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VMs: Re: VMS Quires

--- Nick Pelling <incoming@xxxxxxxxxxxxxxxxx> wrote:

> > [RZ:] A real problem is posed by the foldouts.
> > Why are they there in the first place?
> > Did the author only have some leftover pieces of
> > vellum that could not be cut to the proper size?
> > Then if so, shouldn't they be at the end of the
> > book (either physically, or [chrono]logically)?
> That depends on whether you think the foldouts are
> integral to the text, or 
> just interesting-looking appendices. I suspect the
> former, but it's hard to 
> make a definitive call one way or another. :-/

Almost all foldouts are still subdivided into
page-size panels, so with the exception of the
9-ring page, there is no specific reason to
have these odd-sized pages. The big exception is of
course quite deliberate...
A minor exception is formed by the two pharma
pages which span over two panels, and we cannot
(yet) decide whether that was necessary or not. :-/

I also think that the foldouts are an integral
part of the MS (text).

> >According to the digraph statistical analysis
> >I once did, the text characteristics of the text
> >on the foldout pages marks a transition from A
> >to B language. {Since Currier largely used the text
> >on normal pages for his analysis, he found the
> >two distinct sets which he called A and B.}
> >So also in this context they are not the 'end'
> >of the document.
> Did you ever check the degree to which label text
> and non-label text differs on the foldouts?

The label words (at least in the zodiac section)
are a very separate group of words. I don't know 
if that is true for the digraph statistics, but
it is certainly true for its non-adherence to
Zipf's law.

> For example, I suspect that the text labelling the
> stars on the astro 
> "volvelle" pages has quite different stats from the
> text contained in the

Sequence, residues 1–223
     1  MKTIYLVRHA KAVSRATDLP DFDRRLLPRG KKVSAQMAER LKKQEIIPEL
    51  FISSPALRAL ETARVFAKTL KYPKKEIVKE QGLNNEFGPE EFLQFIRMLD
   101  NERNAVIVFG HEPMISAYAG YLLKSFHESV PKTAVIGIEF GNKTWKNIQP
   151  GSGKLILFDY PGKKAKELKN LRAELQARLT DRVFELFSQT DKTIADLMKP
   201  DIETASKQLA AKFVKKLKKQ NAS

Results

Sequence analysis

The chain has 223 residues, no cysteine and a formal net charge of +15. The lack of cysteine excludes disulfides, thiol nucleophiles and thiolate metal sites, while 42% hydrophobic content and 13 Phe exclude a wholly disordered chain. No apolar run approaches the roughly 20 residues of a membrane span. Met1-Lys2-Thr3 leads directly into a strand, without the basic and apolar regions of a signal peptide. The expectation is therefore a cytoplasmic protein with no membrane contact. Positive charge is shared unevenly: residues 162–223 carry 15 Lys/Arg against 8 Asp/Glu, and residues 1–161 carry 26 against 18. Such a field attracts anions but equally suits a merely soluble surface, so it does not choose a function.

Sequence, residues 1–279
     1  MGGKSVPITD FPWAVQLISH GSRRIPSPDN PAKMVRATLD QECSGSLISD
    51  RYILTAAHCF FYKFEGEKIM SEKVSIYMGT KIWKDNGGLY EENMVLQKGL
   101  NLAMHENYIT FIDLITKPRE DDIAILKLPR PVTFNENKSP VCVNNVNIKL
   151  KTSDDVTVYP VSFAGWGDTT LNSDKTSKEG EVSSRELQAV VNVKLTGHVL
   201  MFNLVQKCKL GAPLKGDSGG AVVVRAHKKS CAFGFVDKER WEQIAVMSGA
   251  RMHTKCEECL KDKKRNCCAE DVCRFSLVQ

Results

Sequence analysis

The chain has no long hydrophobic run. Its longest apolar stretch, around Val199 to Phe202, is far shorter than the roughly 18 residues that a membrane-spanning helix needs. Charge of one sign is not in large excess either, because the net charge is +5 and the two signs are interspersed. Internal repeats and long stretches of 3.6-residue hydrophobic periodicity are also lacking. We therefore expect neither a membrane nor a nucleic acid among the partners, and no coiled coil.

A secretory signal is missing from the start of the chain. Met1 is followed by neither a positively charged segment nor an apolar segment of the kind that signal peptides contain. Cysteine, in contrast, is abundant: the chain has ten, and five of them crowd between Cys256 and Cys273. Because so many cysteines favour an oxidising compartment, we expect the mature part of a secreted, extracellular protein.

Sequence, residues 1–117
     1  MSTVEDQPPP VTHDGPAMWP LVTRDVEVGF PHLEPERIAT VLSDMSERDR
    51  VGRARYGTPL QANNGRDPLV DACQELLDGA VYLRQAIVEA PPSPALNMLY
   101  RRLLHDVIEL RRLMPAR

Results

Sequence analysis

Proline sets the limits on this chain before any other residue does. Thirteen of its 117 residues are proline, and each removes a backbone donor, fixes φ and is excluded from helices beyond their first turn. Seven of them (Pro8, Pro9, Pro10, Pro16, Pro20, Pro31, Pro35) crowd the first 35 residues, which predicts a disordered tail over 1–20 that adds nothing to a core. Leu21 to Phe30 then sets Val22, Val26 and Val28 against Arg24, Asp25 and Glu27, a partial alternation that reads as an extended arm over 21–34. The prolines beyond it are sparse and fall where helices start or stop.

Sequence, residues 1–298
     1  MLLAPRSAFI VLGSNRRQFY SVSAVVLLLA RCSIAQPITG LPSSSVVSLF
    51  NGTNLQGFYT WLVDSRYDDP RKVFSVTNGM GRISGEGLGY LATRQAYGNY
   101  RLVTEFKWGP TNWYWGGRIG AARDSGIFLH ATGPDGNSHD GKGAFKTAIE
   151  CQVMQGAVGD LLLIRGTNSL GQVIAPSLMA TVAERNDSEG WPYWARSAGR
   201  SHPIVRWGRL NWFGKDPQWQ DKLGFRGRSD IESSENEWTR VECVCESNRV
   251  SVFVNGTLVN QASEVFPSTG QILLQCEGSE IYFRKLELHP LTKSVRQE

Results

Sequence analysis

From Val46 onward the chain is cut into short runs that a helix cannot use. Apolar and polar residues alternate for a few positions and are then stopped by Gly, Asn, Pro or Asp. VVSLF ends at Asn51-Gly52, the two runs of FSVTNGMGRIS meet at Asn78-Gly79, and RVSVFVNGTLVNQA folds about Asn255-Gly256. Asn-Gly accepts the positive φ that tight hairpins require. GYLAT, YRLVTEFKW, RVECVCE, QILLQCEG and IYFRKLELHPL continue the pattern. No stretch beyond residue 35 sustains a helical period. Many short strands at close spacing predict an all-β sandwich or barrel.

> rings.

Label words or words very similar to them also
occur in the rings, but they are complemented by
other ones (typically the usual shorter words).

> Could the transition you observed be an indication
> of two languages co-existing on the same page?

Not really. There are some words that only occur
on the pharma pages. And if there is a combination
of languages, then the transition is also gradual.
The funny thing is: the transition section is 
essentially the combined pharma+astro section.
This is half 'plants' and half 'stars and nymphs'.
The A-language is essentially on the 'plants'
side of the transition and the B-language on the
'stars and nymphs' side. The notable exception is
formed by the subset of herbal pages in B language. 

I once imagined that the VMs could be the product
of two authors, who wrote about two different topics
and started with a common understanding or
agreement of the language. One did plants,
starting with the pharma section, and the other
'stars and nymphs', starting with the zodiac.
Their language usage and handwriting then diverged.
Mr. 'B' could be finished first (since he wrote 
faster) and he could have done some of the herbal
Stolfi already once observed that the pharma pages
could have been done first (based on the drawings).

My problem is, though, that it does not make
much sense that they would have started on the
foldout pages.

Another observation is that the main distinction
between the two 'languages', which is the occurrence
of Eva 'd' (Currier 8) after Eva 'e' (Currier C)
in a number of words, starts to appear in the course 
of the zodiac section. This could be explained in
various different ways, some of which support the 
above hypothesis, while others don't.

> Also: if part of the cipher was based on a number
> code, that code may only 
> have been a good match for certain subject matters,
> but a bad match for 
> others - that too could be a driver for two apparent
> languages (within a 
> single code).

Number code or artificial language, they could 
behave in a similar manner. Maybe new codes had
to be made up 'on the fly' as new words appeared
in the text.

Cheers, Rene

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